Monday, August 13, 2012

That's The Ticket

(Graphic stolen from Democratic Underground.)

Mitt Romney finally announced his running mate on Saturday morning: Rep. Paul Ryan (R-WI). In typical Romney fashion, Mitt introduced Ryan as "the next President," but, hey, what's one more verbal gaffe at this point?

The choice wasn't all that surprising (unless, of course, your name is Tim Pawlenty): Ryan is a GOP superstar right now. His plan to balance the budget by destroying Medicare to finance more tax cuts for the 1% qualifies him as a very serious force in the political world, especially in the eyes of the far right-wing of the party. Mitt is still trying to convince those people he's a conservative and obviously hopes his choice for running-mate will accomplish that.

So who is this superstar? Well, he's someone who thinks government needs to be small and needs to stop meddling in the affairs of individuals and businesses. Unlike Mitt Romney, he wasn't born wealthy. Nope, he made his way in the world by his own, unassisted efforts. Atrios summarized Ryan's accomplishments thusly:

Public high school.

Public university.

Worked for family business.

Congressional staffer, with service jobs for additional money.

Speechwriter for Jack Kemp.

Staffer for Sam Brownback.

Member of Congress.

Capitalism, just as Rand envisioned.

'Rand', of course, is Ayn Rand, a "philosopher" that Ryan was heavily impressed by, at least in days gone by. Recently, he seems to forget that part of his bio, a lapse that fits nicely with Mitt Romney's own penchant for convenient recollection. At least one member of the press took a closer look:

Back in 2005, an up-and-coming lawmaker named Paul Ryan credited the polemical novelist and libertarian Ayn Rand as a central inspiration for his entry into public life. Ryan toiled in those days in relative obscurity, a well-respected but low-profile member of the House of Representatives.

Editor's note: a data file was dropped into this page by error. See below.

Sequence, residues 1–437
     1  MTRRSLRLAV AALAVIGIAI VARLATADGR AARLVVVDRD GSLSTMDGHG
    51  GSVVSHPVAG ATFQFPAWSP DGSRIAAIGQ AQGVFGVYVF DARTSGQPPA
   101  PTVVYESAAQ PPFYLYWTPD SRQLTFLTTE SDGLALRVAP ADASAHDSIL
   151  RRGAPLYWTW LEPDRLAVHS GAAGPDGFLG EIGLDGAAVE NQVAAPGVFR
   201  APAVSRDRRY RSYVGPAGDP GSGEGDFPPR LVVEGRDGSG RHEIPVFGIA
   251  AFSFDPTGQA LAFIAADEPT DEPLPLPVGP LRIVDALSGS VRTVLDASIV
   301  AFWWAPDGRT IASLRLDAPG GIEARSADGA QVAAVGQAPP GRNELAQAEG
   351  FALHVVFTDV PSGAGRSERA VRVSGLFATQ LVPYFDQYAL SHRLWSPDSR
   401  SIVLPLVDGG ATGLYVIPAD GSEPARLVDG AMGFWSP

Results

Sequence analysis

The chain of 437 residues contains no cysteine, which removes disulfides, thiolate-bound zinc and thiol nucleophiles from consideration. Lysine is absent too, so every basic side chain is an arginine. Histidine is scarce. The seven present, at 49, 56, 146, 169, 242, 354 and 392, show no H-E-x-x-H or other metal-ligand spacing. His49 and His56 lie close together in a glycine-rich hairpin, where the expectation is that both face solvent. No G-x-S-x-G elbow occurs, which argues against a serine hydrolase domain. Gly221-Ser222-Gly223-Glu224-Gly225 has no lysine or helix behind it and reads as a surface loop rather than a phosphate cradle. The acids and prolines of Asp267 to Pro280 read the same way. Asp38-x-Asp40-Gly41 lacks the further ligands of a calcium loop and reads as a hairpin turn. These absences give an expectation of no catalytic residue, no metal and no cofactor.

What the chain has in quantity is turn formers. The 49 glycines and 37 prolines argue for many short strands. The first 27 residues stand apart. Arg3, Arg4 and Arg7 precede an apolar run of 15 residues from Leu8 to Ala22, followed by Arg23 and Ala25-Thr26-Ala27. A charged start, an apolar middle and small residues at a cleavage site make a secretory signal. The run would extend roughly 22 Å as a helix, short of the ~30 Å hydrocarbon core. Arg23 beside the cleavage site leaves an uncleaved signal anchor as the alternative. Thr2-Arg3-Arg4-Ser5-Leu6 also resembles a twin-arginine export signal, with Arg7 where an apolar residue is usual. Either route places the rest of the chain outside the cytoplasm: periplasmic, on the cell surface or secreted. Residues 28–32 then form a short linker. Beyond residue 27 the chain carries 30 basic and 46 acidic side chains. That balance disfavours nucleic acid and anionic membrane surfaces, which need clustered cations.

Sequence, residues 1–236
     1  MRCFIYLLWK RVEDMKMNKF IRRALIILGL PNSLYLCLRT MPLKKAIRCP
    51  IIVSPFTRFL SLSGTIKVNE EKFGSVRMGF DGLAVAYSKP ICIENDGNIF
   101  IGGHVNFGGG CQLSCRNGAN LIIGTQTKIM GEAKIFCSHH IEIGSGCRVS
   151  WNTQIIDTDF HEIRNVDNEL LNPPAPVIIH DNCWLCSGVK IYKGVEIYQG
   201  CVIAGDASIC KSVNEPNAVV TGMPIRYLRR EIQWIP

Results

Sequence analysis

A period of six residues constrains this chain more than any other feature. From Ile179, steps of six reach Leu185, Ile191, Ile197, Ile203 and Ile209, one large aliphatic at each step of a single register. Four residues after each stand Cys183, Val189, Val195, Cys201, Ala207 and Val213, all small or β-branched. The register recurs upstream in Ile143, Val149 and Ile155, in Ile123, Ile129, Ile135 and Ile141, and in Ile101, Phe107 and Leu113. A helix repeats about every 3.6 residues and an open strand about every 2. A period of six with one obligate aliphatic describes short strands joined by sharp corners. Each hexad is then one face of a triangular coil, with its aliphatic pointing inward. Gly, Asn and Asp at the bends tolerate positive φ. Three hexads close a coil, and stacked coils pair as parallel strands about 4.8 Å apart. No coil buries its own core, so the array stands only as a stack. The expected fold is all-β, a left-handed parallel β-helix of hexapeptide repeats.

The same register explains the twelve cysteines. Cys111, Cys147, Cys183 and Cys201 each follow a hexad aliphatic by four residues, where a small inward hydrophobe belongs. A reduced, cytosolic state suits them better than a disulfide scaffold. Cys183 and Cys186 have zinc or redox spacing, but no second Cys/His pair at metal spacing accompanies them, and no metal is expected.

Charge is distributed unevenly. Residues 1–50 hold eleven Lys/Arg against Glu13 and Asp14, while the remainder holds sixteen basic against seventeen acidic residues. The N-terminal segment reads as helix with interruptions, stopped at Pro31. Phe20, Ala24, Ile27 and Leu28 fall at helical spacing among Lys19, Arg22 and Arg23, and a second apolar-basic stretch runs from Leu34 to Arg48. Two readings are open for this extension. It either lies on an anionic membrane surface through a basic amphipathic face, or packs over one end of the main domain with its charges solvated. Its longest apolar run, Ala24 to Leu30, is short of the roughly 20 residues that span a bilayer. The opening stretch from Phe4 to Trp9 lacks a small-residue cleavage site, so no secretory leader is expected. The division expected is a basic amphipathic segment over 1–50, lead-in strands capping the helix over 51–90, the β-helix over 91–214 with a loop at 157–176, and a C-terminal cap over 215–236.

By the spring of 2012, the boyish congressman had become a Republican star, widely named as a possible vice presidential pick. He also had become considerably less comfortable being linked to the controversial Rand, an atheist with a tartly Darwinian world view. ...

Journalists who have recently written about Ryan suggested that his infatuation with the Russian émigré author, who died in 1982 at age 77, has hardly waned. The favorite son of Wisconsin has recently been insisting that his embrace of Rand amounted to a youthful infatuation. In an April interview with the National Review, Ryan said that the reports linking him to Rand were essentially “an urban legend.”

“I reject her philosophy,” Ryan told Robert Costa of the National Review. “It’s an atheist philosophy. It reduces human interactions down to mere contracts and it is antithetical to my worldview.” He added that he had merely “enjoyed a couple of her novels,” which also included another bestseller, “The Fountainhead.”

But Ryan made no bones about his philosophical influences just a few years ago. He told the Weekly Standard in 2003 that he gave his staffers copies of “Atlas Shrugged” as Christmas presents. Speaking to a group of Rand acolytes in 2005, Ryan said, “The reason I got involved in public service, by and large, if I had to credit one thinker, one person, it would be Ayn Rand. And the fight we are in here, make no mistake about it, is a fight of individualism versus collectivism.” ...

Jonathan Chait, writing in New York magazine, suggested Ryan cannot slough off his connections to Rand’s thinking that easily. The journalist cited Ryan’s 2009 remarks about the immorality of government attacking productive members of society.

“It is not enough to say that President Obama’s taxes are too big or the healthcare plan doesn’t work for this or that policy reason,” the lawmaker said. “It is the morality of what is occurring right now, and how it offends the morality of individuals working toward their own free will to produce, to achieve, to succeed, that is under attack, and it is that what I think Ayn Rand would be commenting on.”

So, a new dream team has arisen to save the nation. Perhaps the best summary came from mp, a commenter at Eschaton.

Here you have a white male top of the ticket born into privilege, picking another white male not born into privilege, but taking advantage of the safety net he now wants to set ablaze.

Why, yes. I think that gets it nicely.

That reminds me. I need to stock up on more popcorn.

Labels: ,


Anonymous busana muslim trendy said...

looks nice your post.

9:07 AM  
Blogger ifthethunderdontgetya™³²®© said...

Ryan is a GOP superstar right now. His plan to balance the budget by destroying Medicare to finance more tax cuts for the 1% qualifies him as a very serious force in the political world, especially in the eyes of the far right-wing of the party.

And it makes Obama's Catfood Commission plan the "liberal alternative".

I don't think this is an accident. We've got one side pulling the Overton window to the right, and the "opposition" pushing it in the same direction.

8:23 PM  

Post a Comment

<< Home